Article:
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From muji <freeformsyst...@gmail.com>
Subject Re: Distinct values with range
Date Tue, 16 Apr 2013 09:42:14 GMT
I believe you need to query with startkey and endkey as complex keys
(assuming YYYY-MM-DD):

startkey=[startyear,startmonth,startday]
endkey=[endyear,endmonth,endday,{}]

Then you can extract the countries from the key returned with each row (it
will be the last element in the array). You will also need to set the group
view parameter (group_level=4?) for distinct values.

Then you should not need to write a custom reduce function.

The startkey and endkey must be proper JSON (and URL) encoded values.

My understanding is that is the correct approach.

Cheers!


On 16 April 2013 05:46, Andrey Kuprianov <andrey.kouprianov@gmail.com>wrote:

> Nope, I need distinct values over a period of time. Not per day.
>
>
> On Tue, Apr 16, 2013 at 11:30 AM, Keith Gable <ziggy@ignition-project.com
> >wrote:
>
> > It gives you distinct countries per day. Is that not what you want? With
> > reduce, it should be really fast once the view is built.
> > On Apr 15, 2013 9:05 PM, "Andrey Kuprianov" <andrey.kouprianov@gmail.com
> >
> > wrote:
> >
> > > @Keith your method will not give me distinct countries and even with
> > reduce
> > > and after being fed to list function it's still slow
> > >
> > >
> > >
> > > On Tue, Apr 16, 2013 at 2:27 AM, Wendall Cada <wendallc@apache.org>
> > wrote:
> > >
> > > > I agree with this approach. I do something similar using _sum:
> > > >
> > > > emit([doc.country_name, toDay(doc.timestamp)], 1);
> > > >
> > > > The toDay() method is basically a floor of the day value. Since I
> don't
> > > > store ts in UTC (Because of an idiotic error some years back) I also
> > do a
> > > > tz offset to correct the day value in my toDay() method.
> > > >
> > > > Using reduce is by far the fastest method for this. I don't see any
> > issue
> > > > with getting this to scale.
> > > >
> > > > Overall, I think I rather prefer the method Keith shows, as it would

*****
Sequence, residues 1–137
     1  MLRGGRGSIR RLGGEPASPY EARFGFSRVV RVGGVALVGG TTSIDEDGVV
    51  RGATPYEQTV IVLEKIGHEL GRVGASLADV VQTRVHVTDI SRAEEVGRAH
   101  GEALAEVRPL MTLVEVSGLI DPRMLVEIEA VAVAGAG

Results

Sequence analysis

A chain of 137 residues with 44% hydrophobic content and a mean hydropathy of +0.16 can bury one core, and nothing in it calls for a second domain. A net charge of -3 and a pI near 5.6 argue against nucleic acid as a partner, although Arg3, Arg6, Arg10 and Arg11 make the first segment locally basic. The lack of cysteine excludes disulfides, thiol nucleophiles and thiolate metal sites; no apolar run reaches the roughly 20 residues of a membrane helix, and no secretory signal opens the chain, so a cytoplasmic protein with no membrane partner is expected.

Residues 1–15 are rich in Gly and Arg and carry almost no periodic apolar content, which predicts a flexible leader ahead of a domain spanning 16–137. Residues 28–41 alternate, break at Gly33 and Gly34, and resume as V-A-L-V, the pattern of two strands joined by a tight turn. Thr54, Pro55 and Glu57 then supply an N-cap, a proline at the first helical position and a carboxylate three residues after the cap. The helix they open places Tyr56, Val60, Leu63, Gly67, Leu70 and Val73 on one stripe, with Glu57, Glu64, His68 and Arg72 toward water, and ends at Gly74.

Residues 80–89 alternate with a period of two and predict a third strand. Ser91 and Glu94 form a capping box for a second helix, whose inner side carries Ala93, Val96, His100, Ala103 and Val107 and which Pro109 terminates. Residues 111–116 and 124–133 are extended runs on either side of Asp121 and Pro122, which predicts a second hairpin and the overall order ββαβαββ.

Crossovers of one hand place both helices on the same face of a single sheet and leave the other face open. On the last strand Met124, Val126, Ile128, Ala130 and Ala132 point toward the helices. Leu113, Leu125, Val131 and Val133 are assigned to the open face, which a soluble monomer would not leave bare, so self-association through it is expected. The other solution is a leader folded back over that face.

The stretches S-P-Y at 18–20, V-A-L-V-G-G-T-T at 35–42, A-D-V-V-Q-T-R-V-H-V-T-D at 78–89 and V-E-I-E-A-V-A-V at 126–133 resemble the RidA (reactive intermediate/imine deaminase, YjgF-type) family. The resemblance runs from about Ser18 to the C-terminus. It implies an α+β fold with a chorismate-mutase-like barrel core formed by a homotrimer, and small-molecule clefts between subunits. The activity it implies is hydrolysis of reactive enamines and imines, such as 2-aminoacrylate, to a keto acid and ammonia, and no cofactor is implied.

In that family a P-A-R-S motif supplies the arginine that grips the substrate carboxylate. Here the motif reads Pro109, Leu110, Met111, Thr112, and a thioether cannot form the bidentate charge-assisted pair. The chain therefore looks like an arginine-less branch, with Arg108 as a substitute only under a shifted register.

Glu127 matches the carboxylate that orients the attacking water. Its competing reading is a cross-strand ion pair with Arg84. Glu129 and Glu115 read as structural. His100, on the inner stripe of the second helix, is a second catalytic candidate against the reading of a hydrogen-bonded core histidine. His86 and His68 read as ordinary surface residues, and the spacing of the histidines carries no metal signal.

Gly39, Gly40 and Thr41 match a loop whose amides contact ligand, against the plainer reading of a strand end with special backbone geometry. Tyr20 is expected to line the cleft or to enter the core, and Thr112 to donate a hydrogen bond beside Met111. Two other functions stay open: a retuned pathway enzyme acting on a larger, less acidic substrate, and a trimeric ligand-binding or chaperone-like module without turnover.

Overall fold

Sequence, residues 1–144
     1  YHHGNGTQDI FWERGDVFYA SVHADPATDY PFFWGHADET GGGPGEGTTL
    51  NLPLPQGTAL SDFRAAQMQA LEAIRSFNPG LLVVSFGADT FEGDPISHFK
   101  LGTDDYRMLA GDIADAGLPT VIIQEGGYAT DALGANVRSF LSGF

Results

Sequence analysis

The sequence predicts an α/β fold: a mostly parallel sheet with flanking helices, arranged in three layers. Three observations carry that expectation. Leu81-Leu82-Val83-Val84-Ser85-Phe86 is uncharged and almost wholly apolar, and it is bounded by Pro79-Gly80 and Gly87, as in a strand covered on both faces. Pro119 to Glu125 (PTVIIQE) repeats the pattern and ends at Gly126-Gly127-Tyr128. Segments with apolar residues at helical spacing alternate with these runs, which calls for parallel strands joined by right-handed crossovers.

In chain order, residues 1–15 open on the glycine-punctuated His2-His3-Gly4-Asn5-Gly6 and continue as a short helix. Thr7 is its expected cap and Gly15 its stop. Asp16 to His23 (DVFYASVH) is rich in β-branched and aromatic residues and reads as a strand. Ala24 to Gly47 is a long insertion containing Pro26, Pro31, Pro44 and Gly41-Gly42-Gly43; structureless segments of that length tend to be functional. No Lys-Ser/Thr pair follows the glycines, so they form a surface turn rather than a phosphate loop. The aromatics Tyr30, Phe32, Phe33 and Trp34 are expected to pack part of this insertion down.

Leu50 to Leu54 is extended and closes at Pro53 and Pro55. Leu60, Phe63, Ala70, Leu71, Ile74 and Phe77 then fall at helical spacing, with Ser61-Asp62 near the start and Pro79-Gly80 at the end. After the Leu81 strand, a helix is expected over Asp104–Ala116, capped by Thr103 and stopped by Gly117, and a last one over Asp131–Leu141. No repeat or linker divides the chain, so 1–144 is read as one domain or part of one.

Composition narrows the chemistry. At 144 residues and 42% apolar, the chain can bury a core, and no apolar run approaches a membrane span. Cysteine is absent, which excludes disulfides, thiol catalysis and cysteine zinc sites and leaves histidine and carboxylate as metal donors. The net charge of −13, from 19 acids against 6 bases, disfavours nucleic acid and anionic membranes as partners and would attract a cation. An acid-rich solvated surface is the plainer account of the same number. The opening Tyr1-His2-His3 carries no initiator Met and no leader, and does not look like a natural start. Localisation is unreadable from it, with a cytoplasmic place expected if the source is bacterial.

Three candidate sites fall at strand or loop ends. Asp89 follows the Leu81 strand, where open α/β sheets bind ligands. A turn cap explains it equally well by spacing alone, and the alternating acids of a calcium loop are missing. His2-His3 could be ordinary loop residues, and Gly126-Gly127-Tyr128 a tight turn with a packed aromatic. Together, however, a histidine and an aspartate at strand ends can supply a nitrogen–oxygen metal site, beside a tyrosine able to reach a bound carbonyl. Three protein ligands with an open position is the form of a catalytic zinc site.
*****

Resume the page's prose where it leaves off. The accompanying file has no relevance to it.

> > > > depend on the values returned in the date object versus other
> possibly
> > > > inaccurate means using math.
> > > >
> > > > Wendall
> > > >
> > > >
> > > > On 04/15/2013 07:18 AM, Keith Gable wrote:
> > > >
> > > >> Output keys like so:
> > > >>
> > > >> [2010, 7, 10, "Australia"]
> > > >>
> > > >> Reduce function would be _count.
> > > >>
> > > >> startkey=[year,month,day,null]
> > > >> endkey=[year,month,day,{}]
> > > >>
> > > >> ---
> > > >> Keith Gable
> > > >> A+, Network+, and Storage+ Certified Professional
> > > >> Apple Certified Technical Coordinator
> > > >> Mobile Application Developer / Web Developer
> > > >>
> > > >>
> > > >> On Sun, Apr 14, 2013 at 8:37 PM, Andrey Kuprianov <
> > > >> andrey.kouprianov@gmail.com> wrote:
> > > >>
> > > >>  Hi guys,
> > > >>>
> > > >>> Just for the sake of a debate. Here's the question. There are
> > > >>> transactions.
> > > >>> Among all other attributes there's timestamp (when transaction
was
> > > made;
> > > >>> in
> > > >>> seconds) and a country name  (from where the transaction was made).
> > So,
> > > >>> for
> > > >>> instance,
> > > >>>
> > > >>> {
> > > >>>      . . . .
> > > >>>      "timestamp": 1332806400
> > > >>>      "country_name": "Australia",
> > > >>>      . . . .
> > > >>> }
> > > >>>
> > > >>> Question is: how does one get unique / distinct country names
in
> > > between
> > > >>> dates? For example, give me all country names in between
> 10-Jul-2010
> > > and
> > > >>> 21-Jan-2013.
> > > >>>
> > > >>> My solution was to write a custom reduce function and set
> > > >>> reduce_limit=false, so that i can enumerate all countries without
> > > hitting
> > > >>> the overflow exception. It works great! However, such solutions
are
> > > >>> frowned
> > > >>> upon by everyone around. Has anyone a better idea on how to tackle
> > this
> > > >>> efficiently?
> > > >>>
> > > >>>      Andrey
> > > >>>
> > > >>>
> > > >
> > >
> >
>



-- 
mischa (aka muji).

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